China’s announcement came as Japan’s nuclear crisis took a dramatic turn for the worse following an explosion and a fire at reactors at the Fukushima Dai-ichi complex

China became the first government to organize a mass evacuation of its citizens from Japan’s northeast on Tuesday, while other foreigners left the country following radiation leaks at an earthquake—damaged nuclear power plant.

France recommended that its citizens leave the Japanese capital, while the U.S. government advised Americans to avoid travel to Japan.

China’s announcement came as Japan’s nuclear crisis took a dramatic turn for the worse following an explosion and a fire at reactors at the Fukushima Dai—ichi complex. Japanese authorities said the fire caused radiation to spew into the air and told people living nearby to stay indoors.

The Chinese Embassy in Tokyo said on its website that it was preparing to send buses to remove its nationals from Miyagi, Fukushima, Ibaraki and Iwate prefectures, the hardest—hit provinces.

The embassy said the evacuation was necessary “due to the seriousness of and uncertainty surrounding the accident at the Fukushima nuclear plant at present.”

Chinese diplomats were visiting the area to assist Japanese officials, said a Chinese foreign ministry spokeswoman, Jiang Yu, in Beijing. She gave no other details of the operation.

The number of Chinese in Japan’s northeast was unclear, but the newspaper Beijing News, citing Japanese government data, said it might be as high as 30,000. Many Chinese work in factories in Japan, and the area around Fukushima is home to numerous small manufacturers.

Tokyo, which is about 170 miles (270 kilometers) from the stricken nuclear complex, reported slightly elevated radiation levels, but officials said the increase was too small to threaten the 39 million people in and around the capital.

Liezel Strauss, a South African art consultant in Tokyo, decided to leave on Tuesday after her husband and mother called from abroad and said they were very concerned about her.

“Up to this point I was adamant to stay,” Ms. Strauss, 32, said in an exchange of Twitter messages from her mobile phone as she rushed to the airport for a flight to Singapore. She thought the foreign press was overdramatizing, she added, but “now I’m not so sure anymore. Maybe it was time to get out.”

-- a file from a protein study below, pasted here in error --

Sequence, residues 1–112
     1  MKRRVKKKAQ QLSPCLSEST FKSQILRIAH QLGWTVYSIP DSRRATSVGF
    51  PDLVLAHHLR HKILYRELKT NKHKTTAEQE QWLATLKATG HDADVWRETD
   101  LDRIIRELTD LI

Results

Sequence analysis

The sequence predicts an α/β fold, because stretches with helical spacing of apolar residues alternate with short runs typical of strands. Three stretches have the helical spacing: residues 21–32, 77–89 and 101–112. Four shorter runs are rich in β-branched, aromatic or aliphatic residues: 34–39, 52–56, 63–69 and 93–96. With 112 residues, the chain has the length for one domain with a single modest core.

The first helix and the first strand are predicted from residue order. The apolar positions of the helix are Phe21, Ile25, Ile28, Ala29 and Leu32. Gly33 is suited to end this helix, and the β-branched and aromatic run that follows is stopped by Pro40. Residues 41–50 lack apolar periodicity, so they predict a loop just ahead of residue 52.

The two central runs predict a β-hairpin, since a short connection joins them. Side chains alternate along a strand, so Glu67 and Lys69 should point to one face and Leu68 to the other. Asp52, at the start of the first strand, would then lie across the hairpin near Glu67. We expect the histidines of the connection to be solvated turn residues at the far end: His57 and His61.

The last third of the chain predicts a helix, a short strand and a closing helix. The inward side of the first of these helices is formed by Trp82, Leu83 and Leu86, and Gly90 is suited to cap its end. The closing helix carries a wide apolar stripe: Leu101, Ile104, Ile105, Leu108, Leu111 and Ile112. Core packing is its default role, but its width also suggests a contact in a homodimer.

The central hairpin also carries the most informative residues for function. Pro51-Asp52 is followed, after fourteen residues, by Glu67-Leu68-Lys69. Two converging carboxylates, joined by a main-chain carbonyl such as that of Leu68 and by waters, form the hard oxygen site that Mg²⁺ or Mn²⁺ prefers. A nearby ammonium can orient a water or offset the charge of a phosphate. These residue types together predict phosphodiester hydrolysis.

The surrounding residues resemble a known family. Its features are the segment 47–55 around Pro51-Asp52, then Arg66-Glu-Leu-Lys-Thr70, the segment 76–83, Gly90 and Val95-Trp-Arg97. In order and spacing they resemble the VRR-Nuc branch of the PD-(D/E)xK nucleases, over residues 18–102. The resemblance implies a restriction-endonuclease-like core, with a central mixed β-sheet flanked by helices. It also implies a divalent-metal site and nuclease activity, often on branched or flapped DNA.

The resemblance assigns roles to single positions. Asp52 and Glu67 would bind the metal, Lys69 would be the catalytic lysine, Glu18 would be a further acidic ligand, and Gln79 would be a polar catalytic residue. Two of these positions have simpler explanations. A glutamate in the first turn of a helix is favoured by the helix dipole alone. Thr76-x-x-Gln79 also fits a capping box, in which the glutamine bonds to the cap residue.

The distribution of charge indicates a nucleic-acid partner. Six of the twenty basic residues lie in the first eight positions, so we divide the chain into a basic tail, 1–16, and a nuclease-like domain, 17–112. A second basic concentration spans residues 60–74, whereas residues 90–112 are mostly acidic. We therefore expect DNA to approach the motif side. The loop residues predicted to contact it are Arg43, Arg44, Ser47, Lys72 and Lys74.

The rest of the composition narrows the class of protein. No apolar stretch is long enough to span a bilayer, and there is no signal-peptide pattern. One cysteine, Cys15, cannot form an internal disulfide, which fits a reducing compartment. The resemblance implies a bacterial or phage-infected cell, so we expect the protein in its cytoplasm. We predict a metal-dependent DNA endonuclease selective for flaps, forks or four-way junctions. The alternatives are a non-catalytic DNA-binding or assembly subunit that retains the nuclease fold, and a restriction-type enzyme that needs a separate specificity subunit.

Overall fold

Due to the risk of more earthquakes and uncertainty about the nuclear question, said an e—mail from the French embassy to its citizens, “it seems reasonable to advise that those who have no particular reason to stay in the Tokyo region leave ... for a few days.”

Thierry Tropee, a French IT engineer who lives in suburban Tokyo, said he and his Japanese wife took their three—year—old son to her hometown of Nagoya over the weekend, about 170 miles (270 kilometers) west of the capital. The couple plans to join him this week.

Mr. Tropee, 41, said six of his friends - three Indian, two French and one British - are thinking about leaving.

“Right now, I don’t feel comfortable with the situation. It keeps changing every hour,” he said.

The U.S. Embassy in Tokyo said Americans “should avoid travel to Japan at this time.”

Indian outsourcing firm Infosys Technologies, which has a work force of 250 in Japan, was making arrangements for Indian employees to go home after they asked to leave, spokeswoman Sarah Gideon said.

But a group of 16 global banks including Citigroup, Bank of America and Societe General issued a joint statement saying they were operating normally. They denied what they said were rumours they had evacuated staff.

“It’s business as usual for us,” said a JP Morgan spokeswoman, Sachiko Hasegawa.

Beijing’s evacuation comes just weeks after turmoil in Libya prompted the Chinese government to send planes and ferries with military escort to bring home more than 32,000 workers from the North African nation.

Other foreign nationals said they were staying put, for now.

“We are keeping our eye on the situation, but it doesn’t seem it has reached the point that we have to pack up and run,” said John Ricciardi, a 35—year—old New Yorker who translates foreign video games into Japanese. He noted conflicting rumours “flying around - what’s legit and what’s not.”

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